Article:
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The front of the former Coleman Insurance Agency is shown in January.

A jury in the criminal trial against former local insurance agent and Glynn County Commissioner Bob Coleman declared Coleman not guilty of all charges Friday.

A Glynn County grand jury handed down a six-count indictment against Coleman in June, charging him with two counts of insurance fraud and four of violating the Georgia Insurance Code’s reporting and disposition of premium requirement.

Visiting Superior Court Judge David Cavender dropped charges five and six due to a lack of evidence on Friday morning.

After roughly an hour and a half of deliberation, the jury returned its verdict Friday evening, finding Coleman not guilty of the remaining four counts.

Counts one through four dealt with allegations made by Robert Gary Jr., who claimed Coleman took three payments for homeowners insurance and pocketed the money.

The first charge was insurance fraud, as Gary claimed that Coleman took his money and failed to provide the service. Each payment Gary made that was not refunded was listed as a separate count for counts two through four.

On Wednesday, Gary testified that in July and August 2018 he gave a down payment on a homeowner’s insurance policy in three installments to Coleman Insurance, but never received the policy.

Much of Coleman’s defense relied on the claim that his wife, Sherry, handled a lot of the day-to-day business in the Coleman Insurance Agency office on Cypress Mill Road in Brunswick and that the last payment came in the day after he sold the business to Jeff Guest, another local insurance agent.

The facts were not in dispute — Gary did make the payments and, for whatever reason, his policy was never written.

Because Coleman was the one who took the payments, he had a responsibility to ensure Gary got his homeowners policy, according to prosecutors.

The last payment came after the business was sold, Coleman’s attorney Alan Tucker told the jury. At that point, Coleman could no longer write insurance policies in Brunswick due to a non-compete clause in the contract with Guest.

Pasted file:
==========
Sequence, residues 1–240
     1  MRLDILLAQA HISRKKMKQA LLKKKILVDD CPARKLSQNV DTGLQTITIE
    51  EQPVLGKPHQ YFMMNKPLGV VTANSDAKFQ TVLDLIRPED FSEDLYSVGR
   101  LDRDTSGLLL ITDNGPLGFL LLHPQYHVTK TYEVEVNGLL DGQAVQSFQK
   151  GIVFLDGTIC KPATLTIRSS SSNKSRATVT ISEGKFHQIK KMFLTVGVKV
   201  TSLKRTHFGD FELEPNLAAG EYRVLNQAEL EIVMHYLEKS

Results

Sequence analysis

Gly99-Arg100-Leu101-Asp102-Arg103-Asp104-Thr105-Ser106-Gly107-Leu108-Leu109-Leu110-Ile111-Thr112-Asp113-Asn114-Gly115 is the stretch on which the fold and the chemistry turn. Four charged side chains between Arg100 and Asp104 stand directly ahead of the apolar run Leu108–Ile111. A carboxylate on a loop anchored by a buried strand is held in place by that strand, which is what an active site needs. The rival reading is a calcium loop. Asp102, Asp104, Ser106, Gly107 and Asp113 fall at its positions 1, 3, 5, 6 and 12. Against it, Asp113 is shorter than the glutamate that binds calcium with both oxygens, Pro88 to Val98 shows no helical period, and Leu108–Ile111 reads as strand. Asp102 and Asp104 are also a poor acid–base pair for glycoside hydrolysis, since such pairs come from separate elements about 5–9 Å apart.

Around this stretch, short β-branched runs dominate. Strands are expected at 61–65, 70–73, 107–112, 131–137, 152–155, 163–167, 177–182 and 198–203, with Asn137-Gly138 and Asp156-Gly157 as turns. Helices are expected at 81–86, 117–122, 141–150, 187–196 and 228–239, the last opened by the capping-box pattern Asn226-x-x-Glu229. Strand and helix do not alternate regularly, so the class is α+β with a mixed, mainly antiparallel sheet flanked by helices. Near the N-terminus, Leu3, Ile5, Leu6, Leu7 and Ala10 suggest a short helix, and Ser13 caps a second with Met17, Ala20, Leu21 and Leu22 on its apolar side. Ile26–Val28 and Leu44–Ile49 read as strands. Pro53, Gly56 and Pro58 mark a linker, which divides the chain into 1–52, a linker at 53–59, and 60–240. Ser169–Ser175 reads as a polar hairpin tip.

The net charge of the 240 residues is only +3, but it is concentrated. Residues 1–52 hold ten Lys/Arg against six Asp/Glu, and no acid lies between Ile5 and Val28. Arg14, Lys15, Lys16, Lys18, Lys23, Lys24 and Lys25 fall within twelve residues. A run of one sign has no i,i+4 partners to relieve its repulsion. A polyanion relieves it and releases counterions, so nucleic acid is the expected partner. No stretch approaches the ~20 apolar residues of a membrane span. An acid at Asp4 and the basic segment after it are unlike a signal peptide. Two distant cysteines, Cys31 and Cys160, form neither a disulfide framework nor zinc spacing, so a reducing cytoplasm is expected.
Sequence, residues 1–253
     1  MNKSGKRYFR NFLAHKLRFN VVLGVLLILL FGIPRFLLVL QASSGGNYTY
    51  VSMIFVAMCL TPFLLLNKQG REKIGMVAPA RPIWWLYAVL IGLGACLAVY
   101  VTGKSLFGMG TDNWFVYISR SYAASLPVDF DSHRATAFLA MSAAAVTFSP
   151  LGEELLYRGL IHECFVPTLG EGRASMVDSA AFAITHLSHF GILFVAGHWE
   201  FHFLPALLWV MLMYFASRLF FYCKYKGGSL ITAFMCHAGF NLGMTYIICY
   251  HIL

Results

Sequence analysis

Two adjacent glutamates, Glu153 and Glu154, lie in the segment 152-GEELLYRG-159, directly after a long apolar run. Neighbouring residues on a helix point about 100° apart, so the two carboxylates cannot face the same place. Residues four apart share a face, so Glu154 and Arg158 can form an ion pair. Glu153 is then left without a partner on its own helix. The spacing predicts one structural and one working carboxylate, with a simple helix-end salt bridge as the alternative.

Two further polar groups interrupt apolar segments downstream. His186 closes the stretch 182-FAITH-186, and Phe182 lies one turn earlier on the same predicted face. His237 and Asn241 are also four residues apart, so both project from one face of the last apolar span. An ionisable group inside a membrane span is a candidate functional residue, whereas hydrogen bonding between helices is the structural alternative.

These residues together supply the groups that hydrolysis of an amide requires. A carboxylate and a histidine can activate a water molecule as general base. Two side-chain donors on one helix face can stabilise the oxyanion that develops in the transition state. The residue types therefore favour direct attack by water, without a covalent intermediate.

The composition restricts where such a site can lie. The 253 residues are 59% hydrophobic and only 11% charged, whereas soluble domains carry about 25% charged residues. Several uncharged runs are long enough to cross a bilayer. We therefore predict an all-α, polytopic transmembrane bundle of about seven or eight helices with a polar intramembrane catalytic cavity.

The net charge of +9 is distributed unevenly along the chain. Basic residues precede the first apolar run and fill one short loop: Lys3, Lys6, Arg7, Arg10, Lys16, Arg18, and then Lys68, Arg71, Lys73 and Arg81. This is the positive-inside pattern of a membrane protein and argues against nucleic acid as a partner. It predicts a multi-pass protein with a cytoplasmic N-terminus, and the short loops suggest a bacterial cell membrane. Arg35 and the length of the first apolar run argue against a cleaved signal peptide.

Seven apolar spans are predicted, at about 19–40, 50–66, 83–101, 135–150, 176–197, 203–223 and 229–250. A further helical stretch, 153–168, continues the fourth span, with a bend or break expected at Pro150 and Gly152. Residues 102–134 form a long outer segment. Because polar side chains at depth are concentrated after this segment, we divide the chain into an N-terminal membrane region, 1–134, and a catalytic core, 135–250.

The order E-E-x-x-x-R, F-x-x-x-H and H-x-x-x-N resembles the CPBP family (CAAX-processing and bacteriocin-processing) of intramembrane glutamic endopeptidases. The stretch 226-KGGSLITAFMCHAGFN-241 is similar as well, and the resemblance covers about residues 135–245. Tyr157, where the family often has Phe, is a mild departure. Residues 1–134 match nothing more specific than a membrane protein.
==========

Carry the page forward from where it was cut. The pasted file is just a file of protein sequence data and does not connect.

Tucker also stated that Sherry had been handling the account, and at the time she was working as an independent contractor for Guest during the transition.

Tucker shifted the blame onto her, stating that it was her responsibility as a contractor for Coleman Insurance’s new owner with knowledge of the account.

As for the money, Tucker presented bank records showing that money had been deposited into the agency’s business accounts either the day of or after Gary made his payments.

The numbers did not match up, but each deposit was a larger sum than Gary’s payments. He also stated that the money is still in the account and not pocketed by the Colemans.

Despite the discrepancy, the jury found him not guilty of all four charges.

Counts five and six came from allegations made by Daniel Wilson, owner of Mac’s Bar-be-que in Sterling.

The indictment alleged that Bob Coleman took a check for workers’ compensation insurance but did not procure said coverage and instead pocketed the money.

Wilson testified earlier in the week that he’d called both Bob Coleman and his wife, Sherry, to the restaurant in 2017 to discuss workers’ compensation insurance.

The conversation shifted to general liability insurance, which Wilson also needed as a condition of his lease.

When Bob Coleman presented him with the paperwork for a commercial package policy, he assumed it included both general liability insurance and workers’ comp, and labored for more than a year under that misapprehension.

When presented with an email sent from Coleman Insurance to his business email address asking for additional information needed to secure a workers’ comp policy, Wilson said he had never seen the email and admitted that he rarely checked his email at all.

The defense showed that all the money Wilson paid to Coleman Insurance had gone to his general liability insurance policy.

Prosecutors made the case that, while Wilson had not ever filled out any paperwork for workers’ comp and acknowledged the email, Coleman understood what Wilson wanted and should have provided it.

By taking the check and only securing general liability, Coleman had committed fraud, they alleged.

Judge Cavender dismissed the two counts after prosecutors failed to provide enough evidence to pass the question to the jury, however.

“How about a double-capital amen,” Coleman said immediately following the jury’s verdict on Friday.

“It’s like I said from the beginning. I never stole any money in my life, and I’m not going to start now.”

Coleman’s defense attorney, Alan Tucker with Tucker & Browning Law, said he was grateful to the citizens of Glynn County.

“It was an honor to represent Commissioner Coleman,” Tucker said outside the courtroom. “The fact that we got a fair trial in Glynn County, with a jury from Glynn County, it speaks well for the state of our judicial system and the ability of high-profile defendants to get justice.”

Both Colemans still face 15 counts of felony violation of the Georgia Insurance Code — five counts of insurance fraud and nine counts of violating the Georgia Insurance Code’s reporting and disposition of premium requirement.

A date has not been set for that trial.

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